I guess they’re still there. Has gone bankrupt at least once, maybe twice. My thesis for owning this business for a few years was really that they have really cheap gas assets, natural gas assets in Wyoming, and an area called Pinedale that was just super cheap to produce. The problem was, their record was a mess. Gas prices continue to decline for an extended period. Their gas was orphaned. There was not an excellent infrastructure to bring their gas to market. They could only extract small volumes from it. They couldn’t get out enough to get out of their cash crunch situation.
Here’s the banana thing about this one guys. Nick loves you, because you are a professional and can spend time working on some of these opportunities to find a way to make some money. Most people don’t have the time. It became evident that the company was bankrupt. I had bought some shares, I added my position to two dollars a share, or maybe 75 dollars a share, thinking they weren’t going to go broke. Then the word came, I was like, “Yeah, they’re going to go broke.” They hadn’t officially announced it yet, but word got out, the action fell apart.
I’m like you know what I’m not going to do anything. I have already lost my money. I’ll just leave it in my portfolio as an object lesson. It was just going to go away. Then the company was successful in getting its lenders to agree to new terms after bankruptcy, and the shareholders did not dilute themselves. I was up 70% on this stupid investment mistake because I got lucky. But luckily, I realized that there was still a giant error. That I was just lucky and not that I was smart. Or not that I found an advantage. I just got lucky and managed to make some money on an investment that I should have lost 98% on. Again, it’s knowing where you have an edge and knowing where you don’t, that’s the big lesson I learned there. It was really precious. I happened to make some money.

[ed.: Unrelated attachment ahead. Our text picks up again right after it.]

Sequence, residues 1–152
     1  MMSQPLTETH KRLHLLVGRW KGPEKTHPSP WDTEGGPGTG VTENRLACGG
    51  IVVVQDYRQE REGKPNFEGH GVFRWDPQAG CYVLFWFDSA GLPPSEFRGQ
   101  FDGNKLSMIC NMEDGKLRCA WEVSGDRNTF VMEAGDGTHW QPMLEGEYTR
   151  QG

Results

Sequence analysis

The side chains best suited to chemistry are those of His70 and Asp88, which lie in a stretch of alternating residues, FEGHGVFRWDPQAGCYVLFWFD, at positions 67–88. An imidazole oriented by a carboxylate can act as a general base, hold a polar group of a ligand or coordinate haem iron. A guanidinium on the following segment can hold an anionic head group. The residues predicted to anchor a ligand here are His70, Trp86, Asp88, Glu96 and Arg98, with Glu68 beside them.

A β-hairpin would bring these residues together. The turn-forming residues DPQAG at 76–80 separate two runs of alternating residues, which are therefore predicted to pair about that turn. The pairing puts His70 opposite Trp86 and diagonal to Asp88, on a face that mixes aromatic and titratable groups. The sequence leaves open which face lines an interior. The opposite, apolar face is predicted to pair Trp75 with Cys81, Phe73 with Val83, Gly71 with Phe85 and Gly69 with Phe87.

Jon Quest: It’s really good Jason. I think one of the most important psychology lessons you can have as an investor is to always remind yourself that you are not as smart as you think you are. [laughs] Because when you think you’re as smart as you think you are, that’s when you over-allocate, put 50% of your wallet and go bankrupt, for example, and take unnecessary risks. that you shouldn’t take. When you have that good dose of self-doubt that’s what I think is going to happen, but I could be wrong, you approach your wallet with a bit more a cool head.
Room: Exactly. It is one of the few things in life where you can have a terrible process which can sometimes lead to a great result. In fact, a great result comes early. This prepares you for failure later. The bottom line is, if you’re not good at basketball, if you’re not a good athlete, Michael Jordan is going to destroy you every time. You will never win. [laughs] With stocks, you could do something really stupid, and still go out and make some money every now and then.
The Motley Fool has a disclosure policy.
The views and opinions expressed herein are the views and opinions of the author and do not necessarily reflect those of Nasdaq, Inc.